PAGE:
Dealing with a stubborn or resistant older parent can be a difficult problem for adult children. Family caregivers and professionals have some hard-won lessons on how to manage these evolving relationships.
Tips para ayudar a los padres mayores que se resisten a recibir ayuda o consejos
Lidiar con un padre mayor que se resiste obstinadamente a aceptar ayuda no es fácil. Pero la solución no es que los padres sientan que se está pasando por encima de ellos, tomando el control de sus asuntos.
Thousands Face Medicaid Whiplash in South Dakota and North Carolina
Thousands of South Dakotans are being knocked off Medicaid, only to be eligible to requalify several months later. Even more enrollees are likely to experience a temporary loss of coverage in North Carolina.
A Covid Test Medicare Scam May Be a Trial Run for Further Fraud
Before the covid-19 public health emergency ended, Medicare advocates around the country noticed a rise in complaints from beneficiaries who received at-home covid tests they never requested. Bad actors may have used seniors’ Medicare information to improperly bill the federal government — and could do it again, say federal investigators.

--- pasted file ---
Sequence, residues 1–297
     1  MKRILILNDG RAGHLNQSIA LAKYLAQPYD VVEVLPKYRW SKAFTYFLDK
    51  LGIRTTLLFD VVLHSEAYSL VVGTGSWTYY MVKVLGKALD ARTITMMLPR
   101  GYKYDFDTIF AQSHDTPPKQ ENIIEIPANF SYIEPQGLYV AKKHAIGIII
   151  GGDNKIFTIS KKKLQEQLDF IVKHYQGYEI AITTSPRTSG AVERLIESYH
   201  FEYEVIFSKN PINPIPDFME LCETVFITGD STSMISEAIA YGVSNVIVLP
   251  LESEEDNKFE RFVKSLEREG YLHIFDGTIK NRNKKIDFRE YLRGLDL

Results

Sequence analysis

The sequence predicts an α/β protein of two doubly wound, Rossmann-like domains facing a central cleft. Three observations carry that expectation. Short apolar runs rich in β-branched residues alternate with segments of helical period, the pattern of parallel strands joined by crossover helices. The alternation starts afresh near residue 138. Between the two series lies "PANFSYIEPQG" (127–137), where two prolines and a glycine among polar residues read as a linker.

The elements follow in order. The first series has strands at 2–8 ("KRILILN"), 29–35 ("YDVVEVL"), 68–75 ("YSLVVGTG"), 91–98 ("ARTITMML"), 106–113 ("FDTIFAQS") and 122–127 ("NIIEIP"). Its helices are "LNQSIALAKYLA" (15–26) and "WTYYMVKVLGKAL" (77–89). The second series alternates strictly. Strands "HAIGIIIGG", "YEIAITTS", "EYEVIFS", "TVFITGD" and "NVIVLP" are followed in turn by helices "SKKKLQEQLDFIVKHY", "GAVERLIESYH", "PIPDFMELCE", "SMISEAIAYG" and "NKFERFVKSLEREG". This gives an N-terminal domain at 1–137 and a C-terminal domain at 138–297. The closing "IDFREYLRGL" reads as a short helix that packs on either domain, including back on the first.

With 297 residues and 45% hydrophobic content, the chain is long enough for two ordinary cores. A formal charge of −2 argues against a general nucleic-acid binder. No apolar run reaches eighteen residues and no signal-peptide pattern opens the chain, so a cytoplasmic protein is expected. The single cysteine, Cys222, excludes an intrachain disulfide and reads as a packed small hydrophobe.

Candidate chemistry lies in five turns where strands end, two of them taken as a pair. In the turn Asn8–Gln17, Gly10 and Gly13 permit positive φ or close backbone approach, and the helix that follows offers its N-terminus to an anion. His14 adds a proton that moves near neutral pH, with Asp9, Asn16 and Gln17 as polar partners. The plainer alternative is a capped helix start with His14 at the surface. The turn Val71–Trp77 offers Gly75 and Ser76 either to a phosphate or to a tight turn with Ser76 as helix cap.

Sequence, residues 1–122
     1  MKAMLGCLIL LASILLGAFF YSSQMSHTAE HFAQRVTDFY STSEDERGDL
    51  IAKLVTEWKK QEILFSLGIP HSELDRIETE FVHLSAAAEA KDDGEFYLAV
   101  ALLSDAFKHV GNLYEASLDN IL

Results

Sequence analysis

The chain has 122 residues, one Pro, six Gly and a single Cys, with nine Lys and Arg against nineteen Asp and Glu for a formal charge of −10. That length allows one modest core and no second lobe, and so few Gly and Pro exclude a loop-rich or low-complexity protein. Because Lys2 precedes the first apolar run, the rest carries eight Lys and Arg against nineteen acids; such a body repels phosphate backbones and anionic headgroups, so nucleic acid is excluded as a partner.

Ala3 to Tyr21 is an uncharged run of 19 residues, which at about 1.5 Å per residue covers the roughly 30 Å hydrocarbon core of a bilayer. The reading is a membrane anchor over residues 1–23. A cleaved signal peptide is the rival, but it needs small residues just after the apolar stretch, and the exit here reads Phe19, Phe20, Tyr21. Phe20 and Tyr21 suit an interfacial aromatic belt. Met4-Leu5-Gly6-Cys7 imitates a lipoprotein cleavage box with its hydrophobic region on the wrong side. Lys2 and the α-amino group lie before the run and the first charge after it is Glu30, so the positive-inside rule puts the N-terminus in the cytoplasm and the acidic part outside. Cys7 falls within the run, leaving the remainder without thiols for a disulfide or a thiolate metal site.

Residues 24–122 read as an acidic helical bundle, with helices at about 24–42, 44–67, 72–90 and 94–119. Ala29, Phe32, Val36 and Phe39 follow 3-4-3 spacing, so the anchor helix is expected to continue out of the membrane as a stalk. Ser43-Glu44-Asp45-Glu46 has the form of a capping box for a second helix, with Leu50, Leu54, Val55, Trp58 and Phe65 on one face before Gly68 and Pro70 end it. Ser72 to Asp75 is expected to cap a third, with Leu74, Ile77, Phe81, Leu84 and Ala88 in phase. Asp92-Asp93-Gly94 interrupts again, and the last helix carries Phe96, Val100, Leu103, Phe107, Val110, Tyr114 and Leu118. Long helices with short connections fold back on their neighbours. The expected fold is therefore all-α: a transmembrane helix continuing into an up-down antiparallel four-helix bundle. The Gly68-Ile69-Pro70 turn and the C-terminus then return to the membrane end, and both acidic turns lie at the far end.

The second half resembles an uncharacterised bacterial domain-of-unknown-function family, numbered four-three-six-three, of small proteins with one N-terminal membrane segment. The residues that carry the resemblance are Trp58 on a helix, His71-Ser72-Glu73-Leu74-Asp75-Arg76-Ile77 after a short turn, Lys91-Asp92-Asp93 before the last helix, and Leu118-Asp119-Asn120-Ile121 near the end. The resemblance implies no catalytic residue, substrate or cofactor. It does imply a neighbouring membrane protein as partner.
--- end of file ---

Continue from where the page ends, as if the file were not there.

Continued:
Lawyer Fees Draw Scrutiny as Camp Lejeune Claims Stack Up
The Camp Lejeune Justice Act, which became law last year, created a pathway for veterans and their families to pursue damage claims against the government for toxic exposure at the military base. Now, advocates and lawmakers worry high lawyer fees could shortchange those injured.
A Rural County’s Choice: Use Opioid Funds to Pay Off Debt, or Pay Them Forward to Curb Crisis
Greene County, Tennessee, so far has received more than $2.7 million from regional and national settlements with opioid manufacturers and distributors. But most of the money is not going to help people and families harmed by addiction.
As More Hospitals Create Police Forces, Critics Warn of Pitfalls
Nearly 30 states have active or proposed laws authorizing independent hospital police forces. Groups representing nurses and hospitals say the laws address the daily realities of patients who become aggressive or agitated. But critics worry about unintended consequences.